Cote d’Ivoire crisis deepens as vice president quits
The resignation of Vice President Daniel Kablan Duncan on Monday added another layer of uncertainty to Cote d’Ivoire’s political future, as the country kicked off a week of mourning for late Prime Minister Amadou Gon Coulibaly, the front-runner in looming presidential elections.
Rumours that Vice President Daniel Kablan Duncan wanted to quit were well known in Côte d’Ivoire, nonetheless his resignation on Monday took many by surprise.
The announcement came less than a week after the sudden death of Prime Minister Amadou Gon Coulibaly and during a time of shock and mourning for the West African nation.
C’est avec beaucoup d’émotion que j’ai présidé, ce mardi, au Palais de la Présidence de la République, la Cérémonie d'hommage de la Nation au Premier Ministre Amadou GON COULIBALY, un grand serviteur de l’Etat, un homme loyal et fidèle, pour qui j’avais une grande affection. pic.twitter.com/g0XC3c4cNZ— Alassane Ouattara (@AOuattara_PRCI) July 14, 2020
President Alassane Ouattara presided over a national tribute to the late prime minister on Tuesday, in a ceremony attended by his Senegalese counterpart Macky Sall and French Foreign Minister Jean-Yves Le Drian.
The day before, Ouattara issued a statement explaining that his vice president was resigning due to "reasons of personal convenience."
Duncan first tendered his resignation in February. The president finally accepted it on Wednesday 8 July, the same day Coulibaly, who had longstanding heart problems, died after a cabinet meeting.
Coulibaly had been Ouattara’s preferred successor to run in October's presidential election.
Some analysts argue that the vice president's resignation may have been due to a fallout with Ouattara over the candidate selection process.
A constant figure on the Ivorian political scene, holding down roles as foreign minister, prime minister before becoming vice president, Duncan was considered a close ally of the president.
He was originally a member of the Democratic Party of Cote d’Ivoire (PDCI), but stepped down in July 2018 after the PDCI broke away from the ruling Rally of Houphouetists for Democracy and Peace (RHDP).
Duncan remained loyal to Ouattara and stayed with the RHDP.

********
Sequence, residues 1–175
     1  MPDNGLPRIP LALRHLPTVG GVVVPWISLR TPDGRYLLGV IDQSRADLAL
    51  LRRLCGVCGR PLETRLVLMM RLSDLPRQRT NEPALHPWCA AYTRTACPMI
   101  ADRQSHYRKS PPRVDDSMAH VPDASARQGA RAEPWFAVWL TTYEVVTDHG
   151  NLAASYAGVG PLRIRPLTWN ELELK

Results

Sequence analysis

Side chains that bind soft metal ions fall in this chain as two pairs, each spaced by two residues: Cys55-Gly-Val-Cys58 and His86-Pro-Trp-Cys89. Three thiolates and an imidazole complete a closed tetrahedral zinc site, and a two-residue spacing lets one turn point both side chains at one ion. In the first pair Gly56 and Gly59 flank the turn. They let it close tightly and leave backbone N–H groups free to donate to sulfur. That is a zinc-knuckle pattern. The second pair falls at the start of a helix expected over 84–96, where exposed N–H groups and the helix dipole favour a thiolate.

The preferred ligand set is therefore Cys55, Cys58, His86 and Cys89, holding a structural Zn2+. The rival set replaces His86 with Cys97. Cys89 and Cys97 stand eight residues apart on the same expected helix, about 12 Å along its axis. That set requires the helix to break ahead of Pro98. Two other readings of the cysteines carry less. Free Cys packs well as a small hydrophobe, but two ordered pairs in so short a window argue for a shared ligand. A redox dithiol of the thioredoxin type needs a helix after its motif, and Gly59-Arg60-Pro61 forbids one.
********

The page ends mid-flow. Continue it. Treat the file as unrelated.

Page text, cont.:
"His decision to break ranks with the PDCI must have come with conditions and promises, notably linked to the presidential election," Sylvain Nguessan, head of the Strategy Institute of Abidjan, told RFI’s sister station France 24.
"The moment Gon Coulibaly was chosen as party candidate instead of Duncan, was perhaps the tipping point that pushed the vice president to take his distance with the RHDP and Alassane Ouattara," Nguessan said.
In March, Marcel Amon-Tanoh, Côte d’Ivoire’s foreign minister and another party heavy weight also resigned, denouncing the RHDP party’s method of selecting Coulibaly as its candidate for the 31 October election.
The successive resignations, coupled with the unexpected death of Coulibaly has further unsettled the ruling party and left it scrambling to find a suitable candidate for the upcoming polls.
Some within Ouattara’s RHDP party have pressed the president to rethink his decision about not running for a third term. They say a Ouattara candidacy could help unify the party but the opposition is fiercely against.
Whoever the RHDP frontrunner is, they will face off against former President Henri Konan Bedie, who declared his candidacy last month, while other politicians, including ex-leader Laurent Gbagbo could join the race.
Gbagbo's refusal to concede power to Ouattara in 2010 sparked a brief civil war in which 3,000 people died. The memory of that war is still fresh in people's minds as they gear up for one of the most hotly contested elections in a decade.
The deadline for the RHDP to submit its candidate’s name is 31 July.
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